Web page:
We’re just weeks into 2016 and already it’s been a crazy year for music.
With David Bowie’s tragic ascension into the cosmos, there is a void that can’t be filled. But if the outpouring of tributes, stories, songs and memories around Bowie show us anything, it’s that his knack for self-reinvention was not lost on the musical community at large. To the contrary, the albums we’re most excited about this year find artists trying new things, refining their skills and sounds to create works of art that they also hope will reverberate in the spheres. With his requiem, ★, Bowie created a living artifact of his ultimate transformation. And with many of the artists on this list, a similar wide-angled universality creeps in—the need to document our time and place on this planet, our shared triumphs and failures, and everything else that tells the story of our collective, human experience. Here are the artists that we’ll be listening to, doing just that, in 2016.
Fat White Family, Songs For Our Mothers (1/22 on Without Consent)
“Some people will call Songs For Our Mothers the most unpleasant album of this year, if not of their entire generation,” reads the press release for FWF’s second LP, “the work of a bunch of drink and drug wracked nihilist degenerates. But it is likely that few who hear it will walk away from the second album by the Fat White Family, released on their own label Without Consent, not caring one way or the other.” They’re not wrong—while first album Champagne Holocaust was a crusty and grimy garage record, Songs keeps the attitude but mixes up the sonics—there’s some krautrock, psych and balladry, often happening at the same time.
Underneath all the debauch, is there a good record in there? Time will tell. When Fat White Family first took to NYC, storming venues with countless shows and even a residency at Baby’s All Right, exposed penises and body fluids were commonplace. A crustpunk recently told me that the band was fed up with the rigmarole of our fair city, though, saying NY wasn’t dangerous enough to get what the band was all about. Whether or not this depravity is all a shtick, it’s definitely a fascinating one to experience.
Tortoise, The Catastrophist (1/22 on Thrill Jockey)
Any music nerd or audiophile you know is likely psyched that Tortoise is back—granddaddy of all the post-rock bands (think Explosions in the Sky, Mogwai, Sigur Rós, Swans, etc.) After receiving a commission from the city of Chicago, Tortoise were reportedly asked to write music “rooted in its ties to the area’s noted jazz and improvised music communities.” What we’ve got with The Catastrophist is their first LP since 2009, and those who like to truly zone out and dig a whole album are better for it. Seriously, go listen to Millions Now Living Will Never Die right now. Just trying to help.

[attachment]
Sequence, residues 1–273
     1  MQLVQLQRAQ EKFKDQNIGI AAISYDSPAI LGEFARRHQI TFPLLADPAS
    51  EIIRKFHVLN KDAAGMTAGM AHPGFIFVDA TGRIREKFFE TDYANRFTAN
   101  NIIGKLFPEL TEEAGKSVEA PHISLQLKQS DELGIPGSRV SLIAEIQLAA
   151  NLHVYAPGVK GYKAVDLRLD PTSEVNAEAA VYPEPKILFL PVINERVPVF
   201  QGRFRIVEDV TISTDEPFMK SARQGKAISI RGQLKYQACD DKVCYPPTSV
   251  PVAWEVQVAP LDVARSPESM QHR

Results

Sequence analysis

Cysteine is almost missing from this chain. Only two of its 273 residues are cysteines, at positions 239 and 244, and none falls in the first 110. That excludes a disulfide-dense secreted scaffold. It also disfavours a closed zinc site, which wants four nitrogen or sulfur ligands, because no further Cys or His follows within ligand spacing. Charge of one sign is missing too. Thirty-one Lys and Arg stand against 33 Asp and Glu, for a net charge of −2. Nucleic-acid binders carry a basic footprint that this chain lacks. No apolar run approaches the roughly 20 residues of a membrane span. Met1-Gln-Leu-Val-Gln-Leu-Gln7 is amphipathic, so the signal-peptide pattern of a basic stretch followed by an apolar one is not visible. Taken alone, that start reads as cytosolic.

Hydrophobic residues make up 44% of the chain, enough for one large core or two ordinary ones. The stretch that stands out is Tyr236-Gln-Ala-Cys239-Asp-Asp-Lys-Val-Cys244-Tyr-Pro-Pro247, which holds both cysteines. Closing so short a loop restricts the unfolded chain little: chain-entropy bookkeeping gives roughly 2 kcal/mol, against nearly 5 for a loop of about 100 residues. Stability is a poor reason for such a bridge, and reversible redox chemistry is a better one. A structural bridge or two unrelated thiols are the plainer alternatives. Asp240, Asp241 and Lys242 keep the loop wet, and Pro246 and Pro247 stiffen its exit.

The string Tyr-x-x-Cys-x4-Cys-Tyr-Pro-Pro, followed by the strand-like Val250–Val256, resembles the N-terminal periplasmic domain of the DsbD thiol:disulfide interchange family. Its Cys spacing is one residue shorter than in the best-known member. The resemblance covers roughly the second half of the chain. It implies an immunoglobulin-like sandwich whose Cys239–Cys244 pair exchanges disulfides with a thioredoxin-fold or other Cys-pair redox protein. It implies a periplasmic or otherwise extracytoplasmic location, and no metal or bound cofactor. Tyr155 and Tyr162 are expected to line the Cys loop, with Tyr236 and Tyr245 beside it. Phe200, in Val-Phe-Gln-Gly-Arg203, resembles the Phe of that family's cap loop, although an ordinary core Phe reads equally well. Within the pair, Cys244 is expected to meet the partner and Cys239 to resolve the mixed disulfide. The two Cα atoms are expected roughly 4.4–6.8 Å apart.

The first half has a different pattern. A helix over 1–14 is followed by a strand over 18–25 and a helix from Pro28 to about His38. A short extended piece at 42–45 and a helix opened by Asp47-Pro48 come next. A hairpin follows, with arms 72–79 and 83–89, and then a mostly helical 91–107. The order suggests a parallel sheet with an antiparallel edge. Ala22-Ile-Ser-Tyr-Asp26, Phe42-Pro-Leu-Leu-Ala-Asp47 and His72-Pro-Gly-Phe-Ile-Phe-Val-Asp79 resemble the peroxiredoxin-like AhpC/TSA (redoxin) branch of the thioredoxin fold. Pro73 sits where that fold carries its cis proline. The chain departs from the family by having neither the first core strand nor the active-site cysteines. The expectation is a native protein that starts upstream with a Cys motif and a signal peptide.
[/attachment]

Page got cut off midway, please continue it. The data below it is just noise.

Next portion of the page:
Ty Segall, Emotional Mugger (1/22 on Drag City)
Glam/psych/grunge/punker Ty Segall never slows down—he released three albums in 2012, two in 2013 and another two in 2014. He’s a producer, too, and a part of seven bands. What’s most intriguing about Emotional Mugger is the gimmick around the release, though. The album was originally teased by label Drag City on VHS, and that same week Ty launched a website with some cryptic video explaining the concept of “emotional mugging,” and a crusty sounding video of his band playing a new tune wearing creepy baby head masks. Is this a return to his earlier scuzz? Despite not having heard any tracks or any real advance buzz, the hype is strong, because, well…Ty Segall. The Bowie force is strong with this one.
Sunflower Bean, Human Ceremony (2/5 on Fat Possum)
DIIV may have a new record coming out this year too, but it’s the psych/grunge pop of youngsters Sunflower Bean, who frequently open DIIV shows, that’s getting the most hype. When their debut LP drops next month it follows a steady stream of singles, EPs, blog buzz, and glowing adoration that so far seems well deserved.
Kanye West, Swish (2/11 on G.O.O.D. Music)
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After a bizarre string of singles designed to coincide with his Adidas sneaker launches and fashion week/Saturday Night Live appearances, this will be the album that lets the world know just how firm of a grasp on reality Yeezy has these days. He’s been releasing songs every Friday for the last two weeks (a la My Dark Twisted Fantasy‘s rollout) in addition to those singles. All things considered, things have been hit-or-miss so far. “All Day” and “Real Friends” sound fresh and fiery, while “Facts” is just an autotuned boastathon with a funny line about Bill Cosby. Will “All Day” even make the album? Who knows. But apparently Yeezy rapped the whole thing a-capella for Seth Rogen in a limo, and Rogen said it rules.
Animal Collective, Painting With (2/19 on Domino)
If you weren’t crazy about how all over the place Animal Collective’s last album, Centipede HZ was, don’t fret—word is that the new songs from everyone’s favorite psychotropic tribal mystics are direct and to the point. Guitarist Deakin sits out this time around (and reportedly finally finished his long-delayed solo LP), while the rest of the Co seem pretty dead set on making a tight, trippy pop album. The first single “FloriDada” does the trick quite nicely, and will likely soundtrack many an Art Basel Miami to come.
Mavis Staples, Livin’ On a High Note (2/19 on Anti-/Epitaph)